Member Engagement Metrics, Trends, and Education Program Advice for Associations in 2024

What goals and concerns are your association peers prioritizing? How does your association’s performance across a range of member engagement metrics compare with theirs? And what can you do to improve engagement, especially if you're on the professional development team? 

Satisfy your curiosity with the 2024 Membership Performance Benchmark Report from iMIS by ASI, our parent company. The 9th annual edition of this report reveals associations’ top goals and concerns, association trends, and best-practice strategies. 

With ten times last year’s responses, this year’s survey broke the record: 1,478 association and membership professionals took part. Of the participants, 23% work in education or accreditation. Millennials were the largest respondent group (51%), replacing Gen X for the first time. The participation of Gen Z increased from 2% to 15%.

This post highlights the findings of most value to education teams. Learn more about membership trends in the report or iMIS by ASI’s recap.

Marching orders for improving member engagement metrics in 2024

Overall, things are looking good for associations. “News is very positive… member-centric organizations really have their mojo back—and are kicking into overdrive… Nearly every metric we used shows a clear upward momentum,” including membership acquisition and retention.

Confidence levels are nearly triple last year’s: 67% of survey participants are very or extremely confident about future growth and sustainability compared to just 24% last year.

Craft a member engagement strategy if you want to improve metrics

Like last year, the top goal and concern for survey participants is increasing member engagement, although 54% said engagement was up. You can’t just think and talk about it, you need to document your member engagement plan. Organizations with a formal plan reported significant increases in conference and webinar attendance. 

Time spent putting together an engagement strategy forces you to understand what different segments of members value and want to accomplish with their membership. Offer and promote engagement opportunities that meet those expectations.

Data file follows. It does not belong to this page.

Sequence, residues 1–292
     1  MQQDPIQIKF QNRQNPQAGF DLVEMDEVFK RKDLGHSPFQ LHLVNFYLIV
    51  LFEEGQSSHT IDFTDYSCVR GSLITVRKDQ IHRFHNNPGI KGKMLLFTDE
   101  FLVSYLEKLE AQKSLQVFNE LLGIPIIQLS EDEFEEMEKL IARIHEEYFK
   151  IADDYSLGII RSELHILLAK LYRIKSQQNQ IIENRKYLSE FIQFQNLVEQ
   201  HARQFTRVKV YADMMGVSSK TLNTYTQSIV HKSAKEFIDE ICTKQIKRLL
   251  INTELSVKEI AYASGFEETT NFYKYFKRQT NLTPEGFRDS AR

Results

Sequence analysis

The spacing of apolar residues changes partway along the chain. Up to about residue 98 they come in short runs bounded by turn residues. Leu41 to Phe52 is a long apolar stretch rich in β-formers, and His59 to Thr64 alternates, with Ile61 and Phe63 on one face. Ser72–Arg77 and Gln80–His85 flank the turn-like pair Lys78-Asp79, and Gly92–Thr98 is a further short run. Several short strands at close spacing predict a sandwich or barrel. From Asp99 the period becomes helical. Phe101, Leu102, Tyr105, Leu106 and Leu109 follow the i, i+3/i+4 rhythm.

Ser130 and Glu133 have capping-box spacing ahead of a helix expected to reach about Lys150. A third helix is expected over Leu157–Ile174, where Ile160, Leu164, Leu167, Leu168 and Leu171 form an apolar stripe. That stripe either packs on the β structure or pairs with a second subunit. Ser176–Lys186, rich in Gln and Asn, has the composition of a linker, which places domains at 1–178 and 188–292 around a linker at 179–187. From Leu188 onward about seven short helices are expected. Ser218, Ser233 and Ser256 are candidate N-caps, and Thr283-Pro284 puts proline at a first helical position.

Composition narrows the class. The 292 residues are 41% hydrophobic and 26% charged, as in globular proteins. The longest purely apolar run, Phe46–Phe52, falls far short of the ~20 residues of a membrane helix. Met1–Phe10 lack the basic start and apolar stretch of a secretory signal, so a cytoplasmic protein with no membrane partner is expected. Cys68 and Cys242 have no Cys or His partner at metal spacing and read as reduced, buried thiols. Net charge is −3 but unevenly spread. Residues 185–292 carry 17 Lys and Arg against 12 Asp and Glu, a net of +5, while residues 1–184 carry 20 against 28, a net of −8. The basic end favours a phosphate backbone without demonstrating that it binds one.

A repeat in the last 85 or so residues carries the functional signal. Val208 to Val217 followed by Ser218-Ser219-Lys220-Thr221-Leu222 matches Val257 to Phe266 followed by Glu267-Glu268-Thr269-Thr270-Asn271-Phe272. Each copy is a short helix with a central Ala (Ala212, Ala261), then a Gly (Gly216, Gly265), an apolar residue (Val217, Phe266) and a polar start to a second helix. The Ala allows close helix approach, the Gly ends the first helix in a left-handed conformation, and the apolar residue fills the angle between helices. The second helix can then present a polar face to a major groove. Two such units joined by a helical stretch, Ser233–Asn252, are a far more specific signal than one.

Acknowledge education’s role in member engagement 

Professional development (PD) plays a huge role in a member engagement strategy. Every member either seeks it or needs it, whether or not they know it. Industry research tells us people primarily join associations to learn and stay informed and to connect with others. 

But registering for an online course requires overcoming psychological obstacles, sacrificing time, and investing limited resources. To get members on the learning path, continually promote the value of lifelong learning, not just your programs.

Your learning portfolio must appeal to people of all career stages. Offer programs at a range of commitment levels. Microlearning programs serve as stepping stones to programs requiring more time investment.

Credentialing programs should offer something for every level of professional. Attract young professionals with introductory stackable microcredentials that award digital badges. 

Pay attention to member inclusion and onboarding

Ensuring diversity, equality, and inclusion in members and staff was the #3 goal for survey participants. To demonstrate inclusion, offer a range of online learning programs anyone can afford, including free programs. 

Member engagement begins on Day 1 with new member onboarding. Help new members develop online learning habits with mini-membership courses tailored to different member segments. Invite them to quarterly virtual orientations. Assign them to a new member online cohort and mentorship group that helps them stay accountable for achieving their membership and career goals. 

By collecting and using demographic and behavioral data, your marketing campaigns can more accurately match members with relevant programs… which leads us to the next big finding of the report.

woman staring intently at laptop - an example of improving member engagement metrics

Address digital transformation challenges—and opportunities

The #2 goal of survey participants is developing a digital transformation strategy, which is related to their #2 concern, addressing digital transformation challenges.

As you’ve realized by now, digital transformation is never-ending. The goal posts keep getting pushed further out. For the PD team, digital transformation means taking your association from where you are now to where you need to be to deliver knowledge and skills:

  • you aren’t even aware of yet
  • in formats you haven’t considered
  • for jobs that don’t exist